"The solo recital of Cornelia Herrmann on Holy Saturday in the sold-out church of Dornheim was a great success. She performed a recital full of Italian grace, charm and irresistible beauty and her playing was of the utmost subtlety and perfection. She proved to be an ideal performer of Bach's music. The recital started with a 'hit' - the Italian Concerto. I wonder if I have ever heard this vibrant piece performed with such delicacy and perfection. Also the other pieces (Aria variata alla maniera italiana BWV 989, Prelude and Fugue on a Theme by Albinoni, BWV923/951, Concerto After Marcello in D Minor, BWV 974 and Partita No.2, BWV 826) were performed by Herrmann in the same graceful manner radiating a hint of Mozart... After a lot of 'Italy' and enthusiastic applause she played two encores from the French Baroque period - an elegant Sarabande and the entertaining Hen by Rameau."
"Cornelia Herrmann began her recital with a beautifully articulated rendition of Bach's 'Italian' Concerto - one of the composer's best-known piano pieces. Her interpretation was always rich and colorful. A particular highlight was Prelude and Fugue on a Theme by Tomaso Albinoni in B Minor where she succeeded in bringing out the intricate and reverse structure of the piece through her sensitive and songful playing."
"The young Austrian pianist Cornelia Herrmann gave a very persuasive recital at this year’s MDR Musiksommer, a program of pieces by Bach, Bartók, Busoni and Villa-Lobos. This was thrilling, technically accomplished and sophisticated playing. In the Bach C-Minor Suite her affection for the composer’s music was palpable, simultaneously vivacious and precise. No less convincing were the chorales by Busoni, which in Herrmann’s hands literally seemed to burst with joie de vivre."
May 2013 Return to the Toledo Symphony:
“Familiar as Mozart Concerto No. 24 in C Minor is to most listeners, with guest soloist Cornelia Herrmann at the keyboard and Sanderling ready to collaborate, this musical journey was so very fine and full of pleasant surprises.
Herrmann performed as a true collaborator, weaving her part in and through the orchestra like a gifted embroiderer. Her playing is clean, true, unaffected, and authoritative, neither overly assertive nor coy. She blazed through the complex variations of the third movement with élan and clarity. Her choice of cadenzas by famed German composer Wilhelm Kempff were wise and enhanced the drama of Mozart’s intense and affecting work.” -The Toledo Blade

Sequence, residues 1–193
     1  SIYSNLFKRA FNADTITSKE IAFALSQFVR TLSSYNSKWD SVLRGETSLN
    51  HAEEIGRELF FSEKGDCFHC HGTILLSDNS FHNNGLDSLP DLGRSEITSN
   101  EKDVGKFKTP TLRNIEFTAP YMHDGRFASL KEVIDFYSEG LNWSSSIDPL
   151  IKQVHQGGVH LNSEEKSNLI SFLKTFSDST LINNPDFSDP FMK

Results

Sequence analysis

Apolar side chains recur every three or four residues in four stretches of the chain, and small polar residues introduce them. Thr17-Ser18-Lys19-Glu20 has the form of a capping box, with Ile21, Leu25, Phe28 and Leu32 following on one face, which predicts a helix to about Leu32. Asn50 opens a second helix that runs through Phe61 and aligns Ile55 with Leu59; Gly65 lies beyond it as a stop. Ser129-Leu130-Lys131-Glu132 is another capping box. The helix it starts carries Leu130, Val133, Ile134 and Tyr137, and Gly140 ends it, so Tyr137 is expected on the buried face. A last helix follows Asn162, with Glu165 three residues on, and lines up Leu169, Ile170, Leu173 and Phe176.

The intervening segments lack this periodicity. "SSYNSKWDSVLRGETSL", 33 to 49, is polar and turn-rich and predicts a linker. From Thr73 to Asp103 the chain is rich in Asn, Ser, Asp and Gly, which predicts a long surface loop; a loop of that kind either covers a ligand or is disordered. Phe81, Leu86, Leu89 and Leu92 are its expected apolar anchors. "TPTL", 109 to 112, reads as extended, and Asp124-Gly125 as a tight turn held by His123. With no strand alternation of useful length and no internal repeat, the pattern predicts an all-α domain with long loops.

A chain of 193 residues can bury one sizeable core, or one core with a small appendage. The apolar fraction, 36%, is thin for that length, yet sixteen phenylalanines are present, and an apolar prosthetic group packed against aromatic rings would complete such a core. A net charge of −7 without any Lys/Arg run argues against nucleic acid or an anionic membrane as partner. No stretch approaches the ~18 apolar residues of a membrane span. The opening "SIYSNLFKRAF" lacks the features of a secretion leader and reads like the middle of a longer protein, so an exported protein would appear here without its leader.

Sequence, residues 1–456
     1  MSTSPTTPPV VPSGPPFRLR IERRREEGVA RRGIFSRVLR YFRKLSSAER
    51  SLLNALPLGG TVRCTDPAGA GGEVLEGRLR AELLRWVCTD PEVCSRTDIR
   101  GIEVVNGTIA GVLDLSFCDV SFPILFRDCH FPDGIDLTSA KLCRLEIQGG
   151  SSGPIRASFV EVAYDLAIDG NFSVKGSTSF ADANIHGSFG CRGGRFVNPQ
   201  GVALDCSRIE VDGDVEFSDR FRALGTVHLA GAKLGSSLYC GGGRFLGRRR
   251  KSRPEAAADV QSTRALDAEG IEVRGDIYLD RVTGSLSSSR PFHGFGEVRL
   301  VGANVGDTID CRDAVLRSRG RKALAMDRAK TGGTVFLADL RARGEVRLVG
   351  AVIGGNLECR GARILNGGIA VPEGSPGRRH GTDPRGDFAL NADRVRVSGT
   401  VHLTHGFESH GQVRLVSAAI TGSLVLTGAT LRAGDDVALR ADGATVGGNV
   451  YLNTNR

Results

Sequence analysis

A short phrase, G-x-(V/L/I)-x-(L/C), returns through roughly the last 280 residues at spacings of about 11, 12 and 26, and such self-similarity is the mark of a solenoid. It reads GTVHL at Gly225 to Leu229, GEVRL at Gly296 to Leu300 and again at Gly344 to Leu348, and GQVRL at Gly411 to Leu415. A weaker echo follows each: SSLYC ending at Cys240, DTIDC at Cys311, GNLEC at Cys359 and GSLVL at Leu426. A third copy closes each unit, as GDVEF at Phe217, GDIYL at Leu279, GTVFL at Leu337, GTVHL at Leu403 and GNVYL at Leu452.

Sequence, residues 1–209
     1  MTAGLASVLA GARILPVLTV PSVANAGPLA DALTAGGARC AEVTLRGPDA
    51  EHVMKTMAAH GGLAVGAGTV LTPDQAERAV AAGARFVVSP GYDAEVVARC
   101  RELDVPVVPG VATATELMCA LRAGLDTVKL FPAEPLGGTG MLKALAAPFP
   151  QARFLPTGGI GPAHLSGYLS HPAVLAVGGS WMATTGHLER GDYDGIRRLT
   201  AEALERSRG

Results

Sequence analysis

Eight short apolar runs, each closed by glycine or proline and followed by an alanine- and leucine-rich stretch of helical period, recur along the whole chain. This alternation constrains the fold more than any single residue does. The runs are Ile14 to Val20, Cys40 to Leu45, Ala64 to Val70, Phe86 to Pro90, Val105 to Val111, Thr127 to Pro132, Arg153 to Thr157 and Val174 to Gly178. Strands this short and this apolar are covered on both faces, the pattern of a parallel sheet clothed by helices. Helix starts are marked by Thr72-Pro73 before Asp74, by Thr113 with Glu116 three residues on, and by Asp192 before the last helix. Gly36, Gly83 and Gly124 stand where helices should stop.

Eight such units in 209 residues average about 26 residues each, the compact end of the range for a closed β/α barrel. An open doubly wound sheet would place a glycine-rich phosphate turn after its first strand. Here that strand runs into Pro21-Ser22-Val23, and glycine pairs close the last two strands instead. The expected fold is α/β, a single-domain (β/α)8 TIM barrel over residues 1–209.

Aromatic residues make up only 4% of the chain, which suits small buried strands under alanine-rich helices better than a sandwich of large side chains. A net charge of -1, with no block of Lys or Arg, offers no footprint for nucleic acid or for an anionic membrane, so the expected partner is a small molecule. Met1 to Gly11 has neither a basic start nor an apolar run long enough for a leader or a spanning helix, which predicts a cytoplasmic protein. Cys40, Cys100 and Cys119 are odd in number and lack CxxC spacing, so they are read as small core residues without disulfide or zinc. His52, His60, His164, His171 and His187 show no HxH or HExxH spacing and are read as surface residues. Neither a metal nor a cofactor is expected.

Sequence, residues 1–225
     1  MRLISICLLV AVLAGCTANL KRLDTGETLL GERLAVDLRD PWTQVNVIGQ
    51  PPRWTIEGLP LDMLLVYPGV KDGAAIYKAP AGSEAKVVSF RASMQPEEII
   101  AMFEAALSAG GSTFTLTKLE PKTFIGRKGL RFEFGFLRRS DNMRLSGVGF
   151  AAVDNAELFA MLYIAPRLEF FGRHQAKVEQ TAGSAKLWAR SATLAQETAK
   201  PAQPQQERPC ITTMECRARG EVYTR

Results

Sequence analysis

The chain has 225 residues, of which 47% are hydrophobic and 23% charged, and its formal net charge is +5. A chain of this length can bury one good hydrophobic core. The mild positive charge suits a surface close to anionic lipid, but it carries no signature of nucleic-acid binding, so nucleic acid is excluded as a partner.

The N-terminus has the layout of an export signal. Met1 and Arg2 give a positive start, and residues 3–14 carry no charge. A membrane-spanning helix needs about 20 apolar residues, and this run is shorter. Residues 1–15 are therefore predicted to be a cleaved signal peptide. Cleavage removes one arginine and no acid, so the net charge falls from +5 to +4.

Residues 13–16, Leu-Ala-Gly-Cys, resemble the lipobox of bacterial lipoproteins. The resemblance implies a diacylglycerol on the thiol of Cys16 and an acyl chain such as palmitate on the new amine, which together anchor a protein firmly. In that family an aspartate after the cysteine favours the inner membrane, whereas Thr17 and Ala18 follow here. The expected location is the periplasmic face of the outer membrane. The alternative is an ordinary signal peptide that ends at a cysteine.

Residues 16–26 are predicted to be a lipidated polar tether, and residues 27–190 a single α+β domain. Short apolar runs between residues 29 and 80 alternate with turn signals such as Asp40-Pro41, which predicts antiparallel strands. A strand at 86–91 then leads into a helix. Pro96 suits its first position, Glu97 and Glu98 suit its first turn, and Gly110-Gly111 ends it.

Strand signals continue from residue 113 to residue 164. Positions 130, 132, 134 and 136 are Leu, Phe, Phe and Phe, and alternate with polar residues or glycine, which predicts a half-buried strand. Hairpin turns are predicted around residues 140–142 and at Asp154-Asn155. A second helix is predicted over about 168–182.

New recording of Bach French Suites:
"It is rare nowadays to hear such wonderful and comforting pianism. Herrmann's sound is full and attractive, but never lacking a solid core and firm attack. She uses all the assets of a modern piano to create this irresistibly warm sound, but also gives attention to the intricate polyphony -- every detail emerges but without losing the overall phrasing. In faster movements her left hand is especially articulate, with distinct, precise rhythm. In slower ones like the Allemande and Sarabande, her playing is more appropriately lyrical, creating long musical arches... this is elegant pianism that positively sings."
-Geijutsu Music Magazine
"For Cornelia Herrmann, an established expert in Bach, expectations were high for her new recording, and they were easily met. Simply beautiful, elegant, with a full, warm sound, every individual tone indelibly shaped, the complex polyphony rendered crystal-clear. Herrmann plays with a very refined touch, seeming to simply breathe music"
-Chopin Music Magazine
Mozart Piano Concerto No. 21, with Stefan Sanderling and the Florida Orchestra: